Desiree Bergstrom

Desiree Bergstrom

Rural Oregon is known for its beautiful landscapes, recreational activities and as a place people

from the urban centers visit. But as someone from a small farm town in Central Oregon, I can tell you there is more draw to the area than natural beauty — rural Oregon isn’t just a place you live. It’s a lifestyle.

Let’s get this straight now, farming is hard but rewarding work. It’s eating cold convenience store jo-jos left over from lunch in a tractor cab at 9 o’clock at night

It is important to point out that

as a student at the University of Oregon, I don’t live in my hometown full time, though I visit as often as I can to help my family out on the farm. It is also safe to say I see my community differently than some of the people who still live there. I went away from the community to study journalism — of all things — in Eugene, shifting in my perspective.

In the same way, Oregonians living in urban areas crave the concept of rural Oregon, not the reality

I originally went away to “the city” for school, a new adventure and more things to do on the weekends. I craved the novelty and wonder of the city not the reality. Now, three years later, I am drawn back to the place I couldn’t wait to leave.

Unfortunately, my love of journalism and writing may hinder my ability to go back anytime soon. The downside of a small town and a rural region is that only certain types of jobs are available — there aren’t a variety of media outlets to choose from. The same soil that funded much of my education will not support my career the same way.

That doesn’t stop me from wanting to go back, even considering job options that have nothing to do with my degree, just to be able to live in a small town.

The draw of my hometown isn’t in the ‘glamour’ or idea of driving a tractor or moving irrigation pipe – two things I do often.

In conversations with other students, my instructors and even strangers at the university, I often hear how they think farming is cool or would be fun to try.

Let’s get this straight now, farming is hard but rewarding work. It’s eating cold convenience store jo-jos left over from lunch in a tractor cab at 9 o’clock at night

It is important to point out that
as a student at the University of Oregon, I don’t live in my hometown full time, though I visit as often as I can to help my family out on the farm. It is also safe to say I see my community differently than some of the people who still live there. I went away from the community to study journalism — of all things — in Eugene, shifting in my perspective.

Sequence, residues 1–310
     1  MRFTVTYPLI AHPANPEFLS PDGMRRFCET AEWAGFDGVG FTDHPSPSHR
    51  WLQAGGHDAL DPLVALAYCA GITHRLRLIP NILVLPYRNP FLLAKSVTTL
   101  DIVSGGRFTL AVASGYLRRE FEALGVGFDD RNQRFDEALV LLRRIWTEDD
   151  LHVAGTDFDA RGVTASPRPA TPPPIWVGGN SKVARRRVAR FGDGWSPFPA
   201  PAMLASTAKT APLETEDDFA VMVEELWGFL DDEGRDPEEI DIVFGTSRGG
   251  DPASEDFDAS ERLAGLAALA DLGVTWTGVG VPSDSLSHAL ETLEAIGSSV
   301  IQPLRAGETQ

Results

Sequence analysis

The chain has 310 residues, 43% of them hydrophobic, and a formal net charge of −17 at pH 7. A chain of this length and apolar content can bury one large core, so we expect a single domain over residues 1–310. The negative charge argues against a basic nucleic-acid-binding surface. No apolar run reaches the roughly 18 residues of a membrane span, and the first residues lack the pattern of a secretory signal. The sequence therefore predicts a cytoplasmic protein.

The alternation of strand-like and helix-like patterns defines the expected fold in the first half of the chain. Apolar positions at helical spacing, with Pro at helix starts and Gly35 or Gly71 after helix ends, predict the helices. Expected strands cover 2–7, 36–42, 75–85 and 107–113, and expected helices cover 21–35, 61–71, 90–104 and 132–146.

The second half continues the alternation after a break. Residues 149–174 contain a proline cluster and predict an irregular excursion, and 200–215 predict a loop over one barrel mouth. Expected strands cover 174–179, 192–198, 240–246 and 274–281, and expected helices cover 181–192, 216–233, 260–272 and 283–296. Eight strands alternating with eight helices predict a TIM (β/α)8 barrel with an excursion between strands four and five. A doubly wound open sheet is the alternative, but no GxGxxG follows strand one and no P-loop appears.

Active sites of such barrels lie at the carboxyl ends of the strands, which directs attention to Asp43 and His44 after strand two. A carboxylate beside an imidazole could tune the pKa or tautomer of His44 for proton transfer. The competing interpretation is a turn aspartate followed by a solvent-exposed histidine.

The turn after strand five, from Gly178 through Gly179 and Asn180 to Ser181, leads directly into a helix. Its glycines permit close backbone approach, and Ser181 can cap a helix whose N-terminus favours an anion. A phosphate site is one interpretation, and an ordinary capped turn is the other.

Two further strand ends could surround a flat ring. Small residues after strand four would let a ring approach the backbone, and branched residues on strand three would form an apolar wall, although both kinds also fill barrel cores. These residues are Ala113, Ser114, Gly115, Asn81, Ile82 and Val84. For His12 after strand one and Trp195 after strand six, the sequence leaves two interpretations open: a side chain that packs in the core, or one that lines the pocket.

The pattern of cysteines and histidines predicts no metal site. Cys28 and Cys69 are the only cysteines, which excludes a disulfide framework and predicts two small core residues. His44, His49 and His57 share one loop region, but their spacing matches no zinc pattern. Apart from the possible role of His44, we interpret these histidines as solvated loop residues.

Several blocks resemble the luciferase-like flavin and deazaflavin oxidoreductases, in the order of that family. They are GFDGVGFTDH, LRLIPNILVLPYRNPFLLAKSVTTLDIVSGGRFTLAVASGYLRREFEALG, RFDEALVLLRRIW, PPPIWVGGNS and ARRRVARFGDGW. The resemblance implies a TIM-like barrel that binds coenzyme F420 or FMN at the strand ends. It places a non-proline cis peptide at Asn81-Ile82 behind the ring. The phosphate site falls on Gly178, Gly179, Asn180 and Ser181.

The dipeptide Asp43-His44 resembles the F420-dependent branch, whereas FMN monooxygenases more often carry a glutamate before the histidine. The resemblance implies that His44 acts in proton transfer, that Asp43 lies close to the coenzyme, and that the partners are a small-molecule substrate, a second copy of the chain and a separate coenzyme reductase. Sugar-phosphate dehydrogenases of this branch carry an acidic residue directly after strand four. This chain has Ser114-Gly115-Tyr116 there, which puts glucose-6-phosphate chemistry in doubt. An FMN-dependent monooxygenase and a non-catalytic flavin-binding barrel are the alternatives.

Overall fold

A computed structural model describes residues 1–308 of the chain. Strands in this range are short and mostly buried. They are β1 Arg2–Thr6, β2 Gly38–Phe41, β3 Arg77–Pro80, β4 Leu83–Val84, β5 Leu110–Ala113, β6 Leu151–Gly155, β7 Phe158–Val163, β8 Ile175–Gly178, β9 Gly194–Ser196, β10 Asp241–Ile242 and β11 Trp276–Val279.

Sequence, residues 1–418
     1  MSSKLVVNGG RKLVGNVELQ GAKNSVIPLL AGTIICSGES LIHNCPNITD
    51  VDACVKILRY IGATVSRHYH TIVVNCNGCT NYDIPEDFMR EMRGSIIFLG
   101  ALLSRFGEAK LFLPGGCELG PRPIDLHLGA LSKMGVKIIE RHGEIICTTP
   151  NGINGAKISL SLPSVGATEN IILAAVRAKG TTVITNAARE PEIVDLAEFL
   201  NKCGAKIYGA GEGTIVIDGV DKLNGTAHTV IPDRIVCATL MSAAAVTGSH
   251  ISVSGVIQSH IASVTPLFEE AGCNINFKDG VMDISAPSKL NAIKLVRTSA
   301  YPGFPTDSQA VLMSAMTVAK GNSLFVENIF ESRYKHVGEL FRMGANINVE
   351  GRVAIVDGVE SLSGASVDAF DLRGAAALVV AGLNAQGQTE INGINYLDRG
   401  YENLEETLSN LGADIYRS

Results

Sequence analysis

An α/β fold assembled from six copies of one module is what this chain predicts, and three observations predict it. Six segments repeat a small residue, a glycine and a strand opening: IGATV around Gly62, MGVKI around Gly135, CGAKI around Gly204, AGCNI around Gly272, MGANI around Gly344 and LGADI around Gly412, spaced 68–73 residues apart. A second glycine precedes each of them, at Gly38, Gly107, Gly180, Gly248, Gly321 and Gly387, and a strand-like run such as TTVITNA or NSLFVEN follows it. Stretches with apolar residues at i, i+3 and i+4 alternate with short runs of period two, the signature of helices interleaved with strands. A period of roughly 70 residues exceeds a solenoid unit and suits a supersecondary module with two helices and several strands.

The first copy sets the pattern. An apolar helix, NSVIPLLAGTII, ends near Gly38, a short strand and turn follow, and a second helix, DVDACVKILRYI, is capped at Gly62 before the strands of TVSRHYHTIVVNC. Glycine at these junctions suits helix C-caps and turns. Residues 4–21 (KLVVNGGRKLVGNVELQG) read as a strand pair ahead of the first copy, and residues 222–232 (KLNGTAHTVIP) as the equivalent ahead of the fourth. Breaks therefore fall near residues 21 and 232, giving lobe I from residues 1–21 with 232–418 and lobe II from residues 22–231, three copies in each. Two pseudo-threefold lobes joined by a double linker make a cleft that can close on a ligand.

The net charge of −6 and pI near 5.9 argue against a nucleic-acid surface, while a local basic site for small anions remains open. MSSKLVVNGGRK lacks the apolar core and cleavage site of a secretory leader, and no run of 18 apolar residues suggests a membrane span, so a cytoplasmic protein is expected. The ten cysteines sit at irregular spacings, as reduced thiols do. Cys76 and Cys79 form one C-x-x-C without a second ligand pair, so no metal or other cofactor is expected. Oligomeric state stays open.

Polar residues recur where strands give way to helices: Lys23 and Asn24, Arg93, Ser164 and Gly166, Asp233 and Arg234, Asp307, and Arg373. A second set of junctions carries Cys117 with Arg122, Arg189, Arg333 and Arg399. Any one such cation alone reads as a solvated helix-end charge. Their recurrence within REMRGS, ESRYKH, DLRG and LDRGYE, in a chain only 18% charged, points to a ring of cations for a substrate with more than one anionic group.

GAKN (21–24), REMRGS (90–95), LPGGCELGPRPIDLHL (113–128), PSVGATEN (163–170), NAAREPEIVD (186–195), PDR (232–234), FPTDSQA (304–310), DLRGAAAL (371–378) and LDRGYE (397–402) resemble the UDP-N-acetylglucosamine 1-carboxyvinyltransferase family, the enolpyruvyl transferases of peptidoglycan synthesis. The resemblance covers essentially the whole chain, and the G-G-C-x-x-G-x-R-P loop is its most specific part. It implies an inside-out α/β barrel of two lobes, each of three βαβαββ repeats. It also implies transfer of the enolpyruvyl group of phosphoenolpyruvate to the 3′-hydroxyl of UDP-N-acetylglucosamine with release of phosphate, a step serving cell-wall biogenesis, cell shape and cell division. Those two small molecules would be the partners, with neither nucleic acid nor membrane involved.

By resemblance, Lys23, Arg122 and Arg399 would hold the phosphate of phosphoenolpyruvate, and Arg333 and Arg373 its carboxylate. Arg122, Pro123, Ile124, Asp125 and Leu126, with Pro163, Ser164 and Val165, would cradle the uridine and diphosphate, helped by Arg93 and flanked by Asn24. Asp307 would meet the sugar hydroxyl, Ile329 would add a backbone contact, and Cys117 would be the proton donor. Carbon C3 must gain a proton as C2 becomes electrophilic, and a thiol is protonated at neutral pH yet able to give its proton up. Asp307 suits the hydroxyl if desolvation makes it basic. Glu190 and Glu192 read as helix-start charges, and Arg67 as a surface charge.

In the same way, Oregonians living in urban areas crave the concept of rural Oregon, not the reality

I originally went away to “the city” for school, a new adventure and more things to do on the weekends. I craved the novelty and wonder of the city not the reality. Now, three years later, I am drawn back to the place I couldn’t wait to leave.

Unfortunately, my love of journalism and writing may hinder my ability to go back anytime soon. The downside of a small town and a rural region is that only certain types of jobs are available — there aren’t a variety of media outlets to choose from. The same soil that funded much of my education will not support my career the same way.

That doesn’t stop me from wanting to go back, even considering job options that have nothing to do with my degree, just to be able to live in a small town.

The draw of my hometown isn’t in the ‘glamour’ or idea of driving a tractor or moving irrigation pipe – two things I do often.

In conversations with other students, my instructors and even strangers at the university, I often hear how they think farming is cool or would be fun to try.

Often I point my car east, out of what I now view as the over-hyped

college town of Eugene, to head home. The closer I get the better I feel. The air changes, through the static of the radio the familiar country station begins to come into tune and my body releases much of the tension it holds from the pressure of school, work and life.

Here is the kicker about my small home town that makes it hard to explain the lure of rural community: I am no less busy when I am home. In fact, often times I am working more and running all over the country from small town to small town on errands and visiting old friends.

I want to be there because unlike trendy Eugene, strangers wave at passing cars. “Traffic jams” are caused by a tractor or
a combine instead of an influx of people
getting off work at the same time.

Meeting new people in rural spaces isn’t a chore or a large time investment like it is in a university town where you can go to 20 different events and never see the same person twice. The spaces to meet people in rural communities are often
few and far between, but those spaces
are strong community builders because everyone goes to the church or the little corner store or the local diner.

The real draw of a town with less than 2,000 people is the sense of community and support rural Oregon towns possess — the feeling of being at home and belonging somewhere.

Rural Oregon’s draw is its people and communities — and yes, also its beauty.

Desiree Bergstrom is a senior at the University of Oregon from Culver, Ore.

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